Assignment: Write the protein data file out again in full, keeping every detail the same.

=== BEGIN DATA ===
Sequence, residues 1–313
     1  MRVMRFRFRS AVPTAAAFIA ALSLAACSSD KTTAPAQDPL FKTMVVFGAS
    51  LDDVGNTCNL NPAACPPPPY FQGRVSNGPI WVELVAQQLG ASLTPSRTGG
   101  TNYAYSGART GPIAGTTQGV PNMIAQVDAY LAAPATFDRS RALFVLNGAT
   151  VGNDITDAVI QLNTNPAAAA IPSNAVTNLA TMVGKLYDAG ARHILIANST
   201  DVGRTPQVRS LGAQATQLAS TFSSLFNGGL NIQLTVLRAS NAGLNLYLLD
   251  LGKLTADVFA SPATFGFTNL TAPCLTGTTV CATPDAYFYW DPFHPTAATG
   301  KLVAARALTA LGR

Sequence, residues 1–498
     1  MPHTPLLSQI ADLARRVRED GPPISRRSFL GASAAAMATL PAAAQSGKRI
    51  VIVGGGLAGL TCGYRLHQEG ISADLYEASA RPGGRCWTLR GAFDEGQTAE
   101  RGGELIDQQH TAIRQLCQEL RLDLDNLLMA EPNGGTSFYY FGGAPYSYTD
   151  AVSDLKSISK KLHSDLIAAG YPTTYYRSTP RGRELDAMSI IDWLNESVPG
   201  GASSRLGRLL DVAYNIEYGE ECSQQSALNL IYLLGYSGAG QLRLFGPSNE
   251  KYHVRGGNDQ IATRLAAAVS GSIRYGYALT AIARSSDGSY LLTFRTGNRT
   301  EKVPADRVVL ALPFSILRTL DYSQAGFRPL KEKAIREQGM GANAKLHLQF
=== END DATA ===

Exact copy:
Sequence, residues 1–313
     1  MRVMRFRFRS AVPTAAAFIA ALSLAACSSD KTTAPAQDPL FKTMVVFGAS
    51  LDDVGNTCNL NPAACPPPPY FQGRVSNGPI WVELVAQQLG ASLTPSRTGG
   101  TNYAYSGART GPIAGTTQGV PNMIAQVDAY LAAPATFDRS RALFVLNGAT
   151  VGNDITDAVI QLNTNPAAAA IPSNAVTNLA TMVGKLYDAG ARHILIANST
   201  DVGRTPQVRS LGAQATQLAS TFSSLFNGGL NIQLTVLRAS NAGLNLYLLD
   251  LGKLTADVFA SPATFGFTNL TAPCLTGTTV CATPDAYFYW DPFHPTAATG
   301  KLVAARALTA LGR

Sequence, residues 1–498
     1  MPHTPLLSQI ADLARRVRED GPPISRRSFL GASAAAMATL PAAAQSGKRI
    51  VIVGGGLAGL TCGYRLHQEG ISADLYEASA RPGGRCWTLR GAFDEGQTAE
   101  RGGELIDQQH TAIRQLCQEL RLDLDNLLMA EPNGGTSFYY FGGAPYSYTD
   151  AVSDLKSISK KLHSDLIAAG YPTTYYRSTP RGRELDAMSI IDWLNESVPG
   201  GASSRLGRLL DVAYNIEYGE ECSQQSALNL IYLLGYSGAG QLRLFGPSNE
   251  KYHVRGGNDQ IATRLAAAVS GSIRYGYALT AIARSSDGSY LLTFRTGNRT
   301  EKVPADRVVL ALPFSILRTL DYSQAGFRPL KEKAIREQGM GANAKLHLQF